• the vortex action is further increased and promoted by providing that the top and ends of the mixing chamber 16 shall be without any vent, and the mixture of gases shall be drawn off from the bottom of the chamber through the T shaped burner supply pipe 17, so that the heated. gases flowing into the mixing chamber shall have an opportunity to rise therein and be subjected to the mixing process for as long a time as possible before the mixture is drawn off and carried to the burners.
  • the respectively opposite ends of the burner-supply pipe 17 lead, preferably through T shaped connections 18, 18, to the middle portions of the two perforated burner tubes 19, 19, one of which is located beneath and runs the full length of each of the vaporizing tubes, these burner tubes and their perforations being so arranged that the gas mixture emitted through and burning from such perforations shall envelop the vaporizing tubes with its flame and so maintain the vaporization of the fuel and the superheating of its gases within the vaporizing tubes and the mixing chamber.
  • the introduction of the gas mixture into the middle part of each of the burner tubes effects a more perfect and even distribution pipe 17.
  • the functions of incasing the apparatus and protecting the flames from deflecting drafts and the effecting of the primary ignition of the burners, are provided for by the case-pan 21, Whose walls rise somewhat above the burner pipes 19, 19.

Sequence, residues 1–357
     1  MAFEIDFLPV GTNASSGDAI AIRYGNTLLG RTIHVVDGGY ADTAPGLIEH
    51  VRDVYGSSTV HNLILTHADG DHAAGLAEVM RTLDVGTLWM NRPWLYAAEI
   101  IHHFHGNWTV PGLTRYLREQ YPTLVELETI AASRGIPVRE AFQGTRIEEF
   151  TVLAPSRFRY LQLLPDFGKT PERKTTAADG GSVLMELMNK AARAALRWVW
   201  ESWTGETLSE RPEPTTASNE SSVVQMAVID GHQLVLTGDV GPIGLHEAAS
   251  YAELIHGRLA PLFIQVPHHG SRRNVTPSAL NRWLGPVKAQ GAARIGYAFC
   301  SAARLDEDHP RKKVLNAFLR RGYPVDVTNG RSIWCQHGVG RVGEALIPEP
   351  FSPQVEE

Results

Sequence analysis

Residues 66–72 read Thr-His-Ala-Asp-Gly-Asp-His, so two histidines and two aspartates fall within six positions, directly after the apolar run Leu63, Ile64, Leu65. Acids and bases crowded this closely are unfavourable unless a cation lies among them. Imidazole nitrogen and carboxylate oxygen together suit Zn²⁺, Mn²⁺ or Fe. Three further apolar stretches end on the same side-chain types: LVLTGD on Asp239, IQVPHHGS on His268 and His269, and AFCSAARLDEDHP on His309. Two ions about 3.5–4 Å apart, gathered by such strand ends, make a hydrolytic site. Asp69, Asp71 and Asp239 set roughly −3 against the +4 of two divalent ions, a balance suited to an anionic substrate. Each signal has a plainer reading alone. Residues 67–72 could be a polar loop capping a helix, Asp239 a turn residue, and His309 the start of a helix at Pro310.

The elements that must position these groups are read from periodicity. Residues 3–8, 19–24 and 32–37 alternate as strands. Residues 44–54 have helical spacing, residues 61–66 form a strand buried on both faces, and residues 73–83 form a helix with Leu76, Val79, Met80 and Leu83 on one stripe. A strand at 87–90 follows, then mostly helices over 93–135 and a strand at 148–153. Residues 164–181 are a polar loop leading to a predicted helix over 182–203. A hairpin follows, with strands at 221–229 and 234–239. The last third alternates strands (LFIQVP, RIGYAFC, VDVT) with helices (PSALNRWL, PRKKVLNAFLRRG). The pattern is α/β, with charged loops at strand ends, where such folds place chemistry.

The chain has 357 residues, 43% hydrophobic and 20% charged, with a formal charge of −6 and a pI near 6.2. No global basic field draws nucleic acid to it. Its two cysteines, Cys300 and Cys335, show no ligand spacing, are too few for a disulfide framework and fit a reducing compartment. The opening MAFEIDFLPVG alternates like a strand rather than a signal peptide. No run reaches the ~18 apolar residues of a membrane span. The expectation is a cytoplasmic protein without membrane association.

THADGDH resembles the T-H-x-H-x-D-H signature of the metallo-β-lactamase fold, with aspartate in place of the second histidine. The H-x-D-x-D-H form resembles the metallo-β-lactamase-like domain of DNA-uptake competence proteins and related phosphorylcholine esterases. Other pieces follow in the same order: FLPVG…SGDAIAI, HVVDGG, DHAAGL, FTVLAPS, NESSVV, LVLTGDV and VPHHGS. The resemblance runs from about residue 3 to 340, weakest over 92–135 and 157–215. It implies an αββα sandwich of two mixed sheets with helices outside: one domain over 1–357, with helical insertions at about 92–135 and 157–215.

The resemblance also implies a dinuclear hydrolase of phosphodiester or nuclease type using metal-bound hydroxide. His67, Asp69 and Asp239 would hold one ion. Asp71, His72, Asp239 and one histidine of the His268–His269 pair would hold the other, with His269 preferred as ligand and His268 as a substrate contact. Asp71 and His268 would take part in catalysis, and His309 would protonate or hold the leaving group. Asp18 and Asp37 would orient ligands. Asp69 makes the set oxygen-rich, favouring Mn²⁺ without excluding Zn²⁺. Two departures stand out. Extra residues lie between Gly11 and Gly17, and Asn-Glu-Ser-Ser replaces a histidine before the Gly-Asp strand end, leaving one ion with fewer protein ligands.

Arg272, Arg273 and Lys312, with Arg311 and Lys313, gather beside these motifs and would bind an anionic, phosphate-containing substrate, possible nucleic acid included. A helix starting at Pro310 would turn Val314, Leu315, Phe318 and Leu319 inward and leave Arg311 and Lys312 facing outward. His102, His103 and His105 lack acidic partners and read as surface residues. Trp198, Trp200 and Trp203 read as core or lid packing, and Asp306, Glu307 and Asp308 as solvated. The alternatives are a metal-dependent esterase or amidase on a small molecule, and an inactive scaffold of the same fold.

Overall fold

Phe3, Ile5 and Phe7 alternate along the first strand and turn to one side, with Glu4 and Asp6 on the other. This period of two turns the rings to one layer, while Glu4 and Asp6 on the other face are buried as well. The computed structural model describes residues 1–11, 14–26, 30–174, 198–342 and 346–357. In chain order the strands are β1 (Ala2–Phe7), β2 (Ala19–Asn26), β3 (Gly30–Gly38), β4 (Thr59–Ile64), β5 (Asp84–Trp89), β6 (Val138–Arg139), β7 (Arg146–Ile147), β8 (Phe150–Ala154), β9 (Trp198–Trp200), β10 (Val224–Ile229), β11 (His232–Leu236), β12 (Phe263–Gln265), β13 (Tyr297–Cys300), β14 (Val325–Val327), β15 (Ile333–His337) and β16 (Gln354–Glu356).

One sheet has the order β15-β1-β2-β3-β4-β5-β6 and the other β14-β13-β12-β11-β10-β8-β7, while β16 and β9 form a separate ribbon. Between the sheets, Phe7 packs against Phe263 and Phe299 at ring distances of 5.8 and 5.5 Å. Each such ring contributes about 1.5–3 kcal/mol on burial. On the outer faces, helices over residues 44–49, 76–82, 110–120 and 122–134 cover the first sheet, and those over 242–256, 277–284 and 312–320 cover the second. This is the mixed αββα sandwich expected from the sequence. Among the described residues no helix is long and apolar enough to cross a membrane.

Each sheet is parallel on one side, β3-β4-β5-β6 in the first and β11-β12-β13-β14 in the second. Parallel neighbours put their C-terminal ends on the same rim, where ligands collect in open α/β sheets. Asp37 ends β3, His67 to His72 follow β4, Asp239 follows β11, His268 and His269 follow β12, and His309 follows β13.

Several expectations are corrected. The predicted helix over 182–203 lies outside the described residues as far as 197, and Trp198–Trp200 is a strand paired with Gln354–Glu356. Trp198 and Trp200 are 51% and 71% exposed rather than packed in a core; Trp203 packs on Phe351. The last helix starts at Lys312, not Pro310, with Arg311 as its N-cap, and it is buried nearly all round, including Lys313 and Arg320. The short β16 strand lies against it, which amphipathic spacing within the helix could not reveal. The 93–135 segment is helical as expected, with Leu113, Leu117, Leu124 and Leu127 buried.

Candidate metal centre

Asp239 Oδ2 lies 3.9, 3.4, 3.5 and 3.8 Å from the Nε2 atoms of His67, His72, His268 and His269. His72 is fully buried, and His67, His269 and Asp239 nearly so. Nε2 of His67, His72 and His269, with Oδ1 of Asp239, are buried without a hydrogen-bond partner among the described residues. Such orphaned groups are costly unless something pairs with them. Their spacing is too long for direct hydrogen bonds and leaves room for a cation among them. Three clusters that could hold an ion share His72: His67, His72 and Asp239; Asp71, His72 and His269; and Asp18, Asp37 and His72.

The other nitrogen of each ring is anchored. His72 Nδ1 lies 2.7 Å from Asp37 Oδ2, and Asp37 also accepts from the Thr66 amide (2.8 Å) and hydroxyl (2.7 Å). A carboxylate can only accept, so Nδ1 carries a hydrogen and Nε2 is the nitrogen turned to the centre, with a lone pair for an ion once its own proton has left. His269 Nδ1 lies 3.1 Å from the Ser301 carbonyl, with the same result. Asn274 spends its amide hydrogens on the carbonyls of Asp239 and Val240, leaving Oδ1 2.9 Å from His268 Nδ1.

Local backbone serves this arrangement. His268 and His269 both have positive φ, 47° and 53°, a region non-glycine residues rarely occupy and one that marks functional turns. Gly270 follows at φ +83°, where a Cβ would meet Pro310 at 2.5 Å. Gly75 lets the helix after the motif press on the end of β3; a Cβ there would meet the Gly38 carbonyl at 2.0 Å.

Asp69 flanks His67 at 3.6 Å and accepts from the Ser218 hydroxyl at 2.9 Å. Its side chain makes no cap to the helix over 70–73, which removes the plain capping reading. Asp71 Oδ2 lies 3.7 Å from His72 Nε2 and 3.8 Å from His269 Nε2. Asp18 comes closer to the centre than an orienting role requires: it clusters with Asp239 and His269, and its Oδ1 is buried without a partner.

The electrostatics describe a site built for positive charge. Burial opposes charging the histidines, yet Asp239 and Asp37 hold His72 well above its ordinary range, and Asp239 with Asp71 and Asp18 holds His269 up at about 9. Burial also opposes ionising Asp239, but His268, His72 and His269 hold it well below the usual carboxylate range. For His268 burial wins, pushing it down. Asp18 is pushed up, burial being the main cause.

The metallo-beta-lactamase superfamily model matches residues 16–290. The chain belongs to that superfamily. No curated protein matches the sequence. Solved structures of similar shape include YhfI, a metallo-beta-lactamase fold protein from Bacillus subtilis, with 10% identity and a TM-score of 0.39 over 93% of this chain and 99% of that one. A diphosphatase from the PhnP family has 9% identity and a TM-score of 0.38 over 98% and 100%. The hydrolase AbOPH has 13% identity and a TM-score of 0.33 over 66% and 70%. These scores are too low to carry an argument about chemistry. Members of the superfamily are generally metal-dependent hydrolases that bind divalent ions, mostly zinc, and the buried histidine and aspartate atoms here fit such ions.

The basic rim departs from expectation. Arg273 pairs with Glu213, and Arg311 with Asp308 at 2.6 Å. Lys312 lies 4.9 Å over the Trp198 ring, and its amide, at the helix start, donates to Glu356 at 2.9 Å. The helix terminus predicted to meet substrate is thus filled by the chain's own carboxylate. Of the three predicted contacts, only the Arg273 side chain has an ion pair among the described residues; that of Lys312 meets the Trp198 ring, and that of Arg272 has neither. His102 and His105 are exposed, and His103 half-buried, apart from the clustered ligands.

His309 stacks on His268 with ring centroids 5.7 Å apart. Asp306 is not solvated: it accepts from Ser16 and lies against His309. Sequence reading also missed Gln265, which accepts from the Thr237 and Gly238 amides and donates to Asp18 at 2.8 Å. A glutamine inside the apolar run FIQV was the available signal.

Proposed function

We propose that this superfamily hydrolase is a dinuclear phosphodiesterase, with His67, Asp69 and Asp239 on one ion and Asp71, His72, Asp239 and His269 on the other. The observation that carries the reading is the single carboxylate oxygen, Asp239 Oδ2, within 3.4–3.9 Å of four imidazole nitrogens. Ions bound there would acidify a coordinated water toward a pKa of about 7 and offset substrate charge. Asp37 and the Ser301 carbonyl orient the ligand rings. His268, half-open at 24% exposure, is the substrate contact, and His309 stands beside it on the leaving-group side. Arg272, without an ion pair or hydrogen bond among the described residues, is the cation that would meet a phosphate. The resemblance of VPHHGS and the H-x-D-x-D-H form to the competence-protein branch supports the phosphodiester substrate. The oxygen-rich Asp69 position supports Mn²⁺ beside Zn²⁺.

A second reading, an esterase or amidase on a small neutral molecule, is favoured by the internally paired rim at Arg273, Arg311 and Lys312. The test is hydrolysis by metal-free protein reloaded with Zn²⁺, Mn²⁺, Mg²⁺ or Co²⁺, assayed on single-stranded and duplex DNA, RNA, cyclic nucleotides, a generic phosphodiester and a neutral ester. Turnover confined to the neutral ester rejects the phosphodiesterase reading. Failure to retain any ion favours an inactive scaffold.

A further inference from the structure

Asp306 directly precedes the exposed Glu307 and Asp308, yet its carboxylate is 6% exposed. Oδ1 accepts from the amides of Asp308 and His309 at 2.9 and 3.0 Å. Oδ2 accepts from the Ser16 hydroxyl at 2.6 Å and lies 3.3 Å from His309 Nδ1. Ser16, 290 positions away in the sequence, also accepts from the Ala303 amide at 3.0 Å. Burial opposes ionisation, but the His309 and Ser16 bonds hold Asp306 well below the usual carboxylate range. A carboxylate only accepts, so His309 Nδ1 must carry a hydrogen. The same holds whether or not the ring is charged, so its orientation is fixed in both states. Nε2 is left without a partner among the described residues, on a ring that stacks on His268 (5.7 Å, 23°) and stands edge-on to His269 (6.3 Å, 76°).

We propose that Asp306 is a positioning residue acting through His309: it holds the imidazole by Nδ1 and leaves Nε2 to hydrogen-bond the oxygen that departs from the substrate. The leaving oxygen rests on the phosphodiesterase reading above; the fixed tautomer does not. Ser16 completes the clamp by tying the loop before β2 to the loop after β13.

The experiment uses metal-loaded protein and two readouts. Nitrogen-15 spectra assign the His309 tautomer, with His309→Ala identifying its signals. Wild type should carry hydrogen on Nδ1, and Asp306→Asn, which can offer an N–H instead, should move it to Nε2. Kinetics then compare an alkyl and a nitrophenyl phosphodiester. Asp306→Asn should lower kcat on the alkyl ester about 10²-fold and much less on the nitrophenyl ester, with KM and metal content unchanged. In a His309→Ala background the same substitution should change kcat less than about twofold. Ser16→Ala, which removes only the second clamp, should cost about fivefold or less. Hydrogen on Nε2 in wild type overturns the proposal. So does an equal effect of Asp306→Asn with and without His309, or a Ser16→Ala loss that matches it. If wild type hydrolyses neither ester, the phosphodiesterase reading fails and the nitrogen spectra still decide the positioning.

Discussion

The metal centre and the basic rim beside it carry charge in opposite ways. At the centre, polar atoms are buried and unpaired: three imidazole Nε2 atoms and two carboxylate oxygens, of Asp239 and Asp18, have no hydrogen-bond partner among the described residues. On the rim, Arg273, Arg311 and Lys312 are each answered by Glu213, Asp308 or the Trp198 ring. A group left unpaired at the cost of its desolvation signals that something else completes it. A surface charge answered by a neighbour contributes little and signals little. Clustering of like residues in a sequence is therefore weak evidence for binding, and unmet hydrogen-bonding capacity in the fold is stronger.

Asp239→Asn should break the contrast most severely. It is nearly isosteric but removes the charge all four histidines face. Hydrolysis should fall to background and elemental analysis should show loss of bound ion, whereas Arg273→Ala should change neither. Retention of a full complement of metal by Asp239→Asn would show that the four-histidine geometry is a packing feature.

• the bottom of this pan is provided with grooves 22, 22, running around the edges thereof under the burner tubes and across the middle under the burners of the T shaped burner supply These grooves are filled with asbestos wicking, shown therein in section, Figs. 1 and 4, and are designed to distribute under the burners the more volatile oil used for the primary heating of the vaporizing tubes and ignition of the burners.
  • This more volatile oil is supplied to the bottom of the case-pan, preferably at one end, through the ignition-oil supply pipe 23, the latter leading from a suitable receptacle and drop sight-valve, not here shown, and being provided with a shut-off valve 24.
  • the ignition oil supplied to the asbestos wicking in the grooves of the bottom of the case-pan may be ignited at any point, but preferably at the touch-hole 25 at the opposite end of the pan from the ignition oil supply pipe.
  • the grooves for this wicking are preferably cut deeper nearer the intake end, so that the generating or ignition oil may burn the longer at that end of the pan and there effect the more intense heating of the vaporizing tubes.
  • the supply of ignition oil, from the supply pipe 23, is, of course, shut off as soon as the proper initial vaporization of the gases and igniting of the burners has been effected. Thereafter the heat from the burners themselves maintains the vaporization and supply of fuel to the burner flames.
  • the apparatus described is intended to be placed bodily in the combustion chamber of stoves, ranges, furnaces and other heaters where the draft is liable to be so strong as to draw the flame away from the burner unless the latter is protected.
  • the case pan is adapted to afford this protection and has been found to be very useful.
  • the drop feed devices are of novel construction. As shown, they consist of hollow cones 30 having orifices at theirv apices so small that only a drop can pass at a time. These cones placed in inverted positions, in the top of feed chambers 31 which are of glass are adapted to render the drops plainly visible.